$ make modules_install INSTALL_MOD_PATH=/mnt/vmfs/ ARCH=um
       $ umount /mnt/vmfs/ 

    • C) Creating code to build an extern module, outside of the Linux kernel sources
    • Create a directory somewhere (e.g.: ~/devel/my_modules), and so start creating an source file to write the module. As example will be used the file "procinfo.c" to build an extern module that prints information of the processes running in the system.

      To this case, you must have in mind to what kernel version this module will be used, and have available the sources of such kernel (named 'target' here). To compile the source code of the module and improve the process, we create a Makefile as follows (change the KERNELDIR value to point to the path of the 'target' kernel sources)

      # Makefile
      obj-m := procinfo.o
      module-objs := procinfo.o
      KERNELDIR = /usr/src/v2.6.21-rc1.uml/
              make -C $(KERNELDIR) M=$(shell pwd) modules ARCH=um
              rm -f  rm -f procinfo.o procinfo.ko procinfo.mod.c procinfo.mod.o Module.symvers
      And so, compile it:
       $ make 
      Mount the file system used by the UML kernel to copy the module created
      $ mount -t ext3 -o loop linux_fs.ext3 /mnt/vmfs/
      $ cp /path/to/the/module/created/procinfo.ko /mnt/vmfs/usr/src/
      $ umount /mnt/vmfs/ 
      After start the virtual machine, insert the module with 'insmod /usr/src/procinfo.ko' and remove it with 'rmmod procinfo.ko' (as root). If your virtual machine freezes, see if there isn't instances of the virtual machine hanging in the system as zombie processes, what can gives error message about resource unavailable (errno 11). Kill the processes after restart the virtual machine with any possible crash:
       $ pkill -9 linux 

  • 3) The Linux kernel debug environment
  • If you wanna debug errors, or the execution flow of the Linux kernel, you can use the GNU gdb. To debug modules additional steps are needed, and so, described in separated sections:

    • A) Kernel debug
    • Start the UML kernel at gdb:

       $ gdb ./linux 
      It's needed to inform the debugger to ignore the signals SIGUSR1 and SIGSEGV received:
       (gdb) handle SIGSEGV pass nostop noprint 
       (gdb) handle SIGUSR1 pass nostop noprint 
      Now insert a breakpoint at 'start_kernel' kernel function:
       (gdb) b start_kernel 
      And start the execution of the kernel in the GNU debugger:
       (gdb) r ubd0=linux_fs.ext3 ubd1=swap_file mem=128M con0=fd:0,fd:1 con=xterm ssl=xterm eth0=tuntap,tap0 umid=vm001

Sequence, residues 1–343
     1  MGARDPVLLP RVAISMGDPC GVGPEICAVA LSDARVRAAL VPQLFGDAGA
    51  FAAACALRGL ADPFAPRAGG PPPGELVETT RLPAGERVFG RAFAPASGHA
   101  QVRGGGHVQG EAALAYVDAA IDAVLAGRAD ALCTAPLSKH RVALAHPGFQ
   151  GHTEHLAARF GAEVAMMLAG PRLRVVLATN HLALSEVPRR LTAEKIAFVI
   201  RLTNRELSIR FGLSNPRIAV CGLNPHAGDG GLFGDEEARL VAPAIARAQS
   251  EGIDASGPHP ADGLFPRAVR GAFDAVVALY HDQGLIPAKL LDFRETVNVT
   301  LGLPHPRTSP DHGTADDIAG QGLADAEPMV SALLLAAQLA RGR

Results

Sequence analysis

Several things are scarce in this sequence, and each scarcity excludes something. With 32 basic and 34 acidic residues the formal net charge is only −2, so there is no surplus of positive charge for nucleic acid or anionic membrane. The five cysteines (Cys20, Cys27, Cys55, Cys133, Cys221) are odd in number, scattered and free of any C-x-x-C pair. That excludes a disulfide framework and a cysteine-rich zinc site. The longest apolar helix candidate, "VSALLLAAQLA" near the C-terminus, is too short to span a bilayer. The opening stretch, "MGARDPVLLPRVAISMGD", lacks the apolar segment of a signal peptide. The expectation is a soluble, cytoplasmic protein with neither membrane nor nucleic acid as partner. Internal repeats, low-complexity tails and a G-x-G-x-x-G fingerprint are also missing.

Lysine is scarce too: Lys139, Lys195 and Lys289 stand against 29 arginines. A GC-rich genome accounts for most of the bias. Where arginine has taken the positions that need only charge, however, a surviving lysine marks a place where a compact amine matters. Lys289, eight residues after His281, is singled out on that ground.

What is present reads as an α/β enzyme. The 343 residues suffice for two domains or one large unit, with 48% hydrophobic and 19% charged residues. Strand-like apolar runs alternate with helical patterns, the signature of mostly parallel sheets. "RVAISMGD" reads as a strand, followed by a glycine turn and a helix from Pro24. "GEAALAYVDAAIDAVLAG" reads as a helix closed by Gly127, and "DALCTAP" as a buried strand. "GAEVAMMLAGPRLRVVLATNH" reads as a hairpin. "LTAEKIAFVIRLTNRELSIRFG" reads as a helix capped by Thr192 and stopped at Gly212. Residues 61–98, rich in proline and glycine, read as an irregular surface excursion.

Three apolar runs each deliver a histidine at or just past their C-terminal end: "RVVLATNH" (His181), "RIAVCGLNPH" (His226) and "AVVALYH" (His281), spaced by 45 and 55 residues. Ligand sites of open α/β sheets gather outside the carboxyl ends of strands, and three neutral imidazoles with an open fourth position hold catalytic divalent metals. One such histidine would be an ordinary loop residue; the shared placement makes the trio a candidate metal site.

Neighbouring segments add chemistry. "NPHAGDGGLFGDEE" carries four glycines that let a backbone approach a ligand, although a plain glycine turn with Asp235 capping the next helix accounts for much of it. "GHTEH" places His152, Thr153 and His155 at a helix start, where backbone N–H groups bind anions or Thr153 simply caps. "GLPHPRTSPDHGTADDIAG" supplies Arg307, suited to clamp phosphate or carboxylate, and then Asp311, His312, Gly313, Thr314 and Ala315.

If you desire to stop the execution of the kernel in the gdb, a lt;CTRL-C> irá will kill the own gdb because the terminal mode is RAW, so, the method to be used is to open another terminal (xterm) and send a SIGINT signal (asking for an INTerruption of its execution) to the main thread of the UML kernel (change '$(whoami)' by the user running the kernel):
       $  kill -INT $(cat /home/$(whoami)/.uml/vm001/pid) 
      And now we can continue the debug in the gdb (see below some examples of commands). Type 'c' (continue) to continue the normal execution of the kernel. Again, kill the previous pending processes always as needed by some crash:
       $ pkill -9 linux gdb port-helper 

    • B) Modules debug
    • To debug modules as soon as they are loaded and follow its execution we need to add its symbols in the gdb symbol table right in the moment that it is loaded and pointed by the global 'modules' pointer, that represents a list of modules loaded in the kernel, and point the location that it was loaded (memory address). To make these proceedings automatically, 3 files were created (you must change them properly with respect to the paths of the files used):

      1) umlgdb_dispatcher: will open an xterm to start a gdb running the kernel, and send a SIGINT to the kernel to stop it and bring the control back to the gdb when typed <ENTER>. <CTRL-C> will kill gdb and the kernel, exiting.
      2) umlgdb_wrapper: load the module symbols automatically as soon as it is inserted with the 'insmod' command in the virtual machine and stops the kernel in the gdb at the point of the call to the module init function. Such file was based in the original Chandan Kudige 'umlgdb' tool, available in the 'tools' directory of the UML project.
      3) .gdbinit: to be put in the UML kernel directory (/usr/src/v2.6.21-rc1.uml if following the part I); it will be read automatically by the gdb always that this one be executed in this directory. To start the UML kernel under gdb, gives execution permission to the umlgdb_dispatcher file, and run it:

       $ chmod +x umlgdb_dispatcher 
       $ ./umlgdb_dispatcher